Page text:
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Origins


Ice-skating is an ancient means of transportation emerging from the need to journey across frozen lakes during winter months. The earliest evidence available of the existence of ice-skating was uncovered when a pair of skates were retrieved from the bottom of a Swiss lake. These skates dated back to some 3000 years before the birth of Christ. The first skates were made from honed animal bone and attached to the feet with leather straps. The Dutch word for skates means 'leg bone'.

Early History


The use of iron blades on ice-skates dates back to 1250 in the Netherlands. During the early 1500's, the Dutch invented the double edge iron blade that allowed for propulsion without the use of poles. This method of propelling while on ice-skates is still used today and is known as the Dutch roll.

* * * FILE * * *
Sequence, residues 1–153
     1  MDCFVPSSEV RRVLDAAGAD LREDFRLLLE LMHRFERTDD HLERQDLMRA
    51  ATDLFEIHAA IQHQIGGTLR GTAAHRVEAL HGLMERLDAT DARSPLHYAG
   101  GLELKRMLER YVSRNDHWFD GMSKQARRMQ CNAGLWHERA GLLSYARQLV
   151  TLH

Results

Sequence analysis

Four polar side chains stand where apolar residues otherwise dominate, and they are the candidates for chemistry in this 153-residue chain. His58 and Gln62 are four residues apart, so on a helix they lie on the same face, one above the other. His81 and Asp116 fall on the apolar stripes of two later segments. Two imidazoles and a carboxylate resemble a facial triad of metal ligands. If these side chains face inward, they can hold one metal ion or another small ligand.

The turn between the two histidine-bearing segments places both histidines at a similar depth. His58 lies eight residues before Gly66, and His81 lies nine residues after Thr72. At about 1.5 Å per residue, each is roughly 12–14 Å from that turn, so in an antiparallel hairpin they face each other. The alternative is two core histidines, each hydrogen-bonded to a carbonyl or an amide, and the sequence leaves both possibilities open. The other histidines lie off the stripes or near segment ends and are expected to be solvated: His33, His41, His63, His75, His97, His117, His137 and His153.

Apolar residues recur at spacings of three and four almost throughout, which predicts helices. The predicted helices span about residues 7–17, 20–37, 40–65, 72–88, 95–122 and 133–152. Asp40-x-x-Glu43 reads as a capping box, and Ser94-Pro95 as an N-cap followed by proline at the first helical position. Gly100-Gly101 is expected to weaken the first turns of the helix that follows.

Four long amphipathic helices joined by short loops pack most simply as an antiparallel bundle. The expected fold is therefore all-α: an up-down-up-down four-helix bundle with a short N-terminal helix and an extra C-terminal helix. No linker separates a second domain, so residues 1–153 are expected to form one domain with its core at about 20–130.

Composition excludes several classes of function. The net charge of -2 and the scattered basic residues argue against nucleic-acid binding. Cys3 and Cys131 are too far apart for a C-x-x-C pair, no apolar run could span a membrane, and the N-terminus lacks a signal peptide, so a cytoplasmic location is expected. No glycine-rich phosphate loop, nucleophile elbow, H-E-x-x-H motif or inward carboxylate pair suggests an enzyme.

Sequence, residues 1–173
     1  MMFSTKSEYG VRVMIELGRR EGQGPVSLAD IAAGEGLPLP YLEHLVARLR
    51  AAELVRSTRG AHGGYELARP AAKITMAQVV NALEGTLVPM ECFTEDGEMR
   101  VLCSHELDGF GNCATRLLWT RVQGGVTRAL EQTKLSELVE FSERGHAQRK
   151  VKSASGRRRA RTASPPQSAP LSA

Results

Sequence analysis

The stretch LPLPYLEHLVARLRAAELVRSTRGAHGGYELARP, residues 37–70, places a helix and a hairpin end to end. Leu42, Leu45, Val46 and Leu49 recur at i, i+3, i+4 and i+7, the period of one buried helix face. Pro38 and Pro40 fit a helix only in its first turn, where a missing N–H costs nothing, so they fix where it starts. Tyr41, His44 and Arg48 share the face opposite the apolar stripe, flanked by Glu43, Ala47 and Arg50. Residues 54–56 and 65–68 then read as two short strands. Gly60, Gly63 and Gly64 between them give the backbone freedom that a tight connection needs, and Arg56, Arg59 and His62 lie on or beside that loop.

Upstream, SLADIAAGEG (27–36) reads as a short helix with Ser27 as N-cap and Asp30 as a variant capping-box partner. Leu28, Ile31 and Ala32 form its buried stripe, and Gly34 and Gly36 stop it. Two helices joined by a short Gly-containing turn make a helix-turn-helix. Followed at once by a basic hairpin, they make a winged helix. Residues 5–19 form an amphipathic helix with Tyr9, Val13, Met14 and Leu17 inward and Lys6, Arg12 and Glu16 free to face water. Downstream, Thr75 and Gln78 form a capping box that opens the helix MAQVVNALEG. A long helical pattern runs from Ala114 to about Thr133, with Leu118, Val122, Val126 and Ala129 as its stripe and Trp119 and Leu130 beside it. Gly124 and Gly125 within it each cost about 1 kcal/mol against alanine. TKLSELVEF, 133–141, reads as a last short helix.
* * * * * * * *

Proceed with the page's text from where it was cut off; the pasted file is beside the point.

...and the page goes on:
During the 1600’s and 1700's, ice-skating became a popular winter recreation amongst Europeans. It was a sport that was participated in by peasants as well as the aristocrats of all ages. By the year of 1642, Scotland had organized the first ice-skating club in its capital, Edinburgh. As popularity grew, the need for competition arose. The first documented organized ice-skating competition was held in East Anglia, England on February 4, 1763. This was a speed skating event that consisted of a 15-mile race on the frozen canals.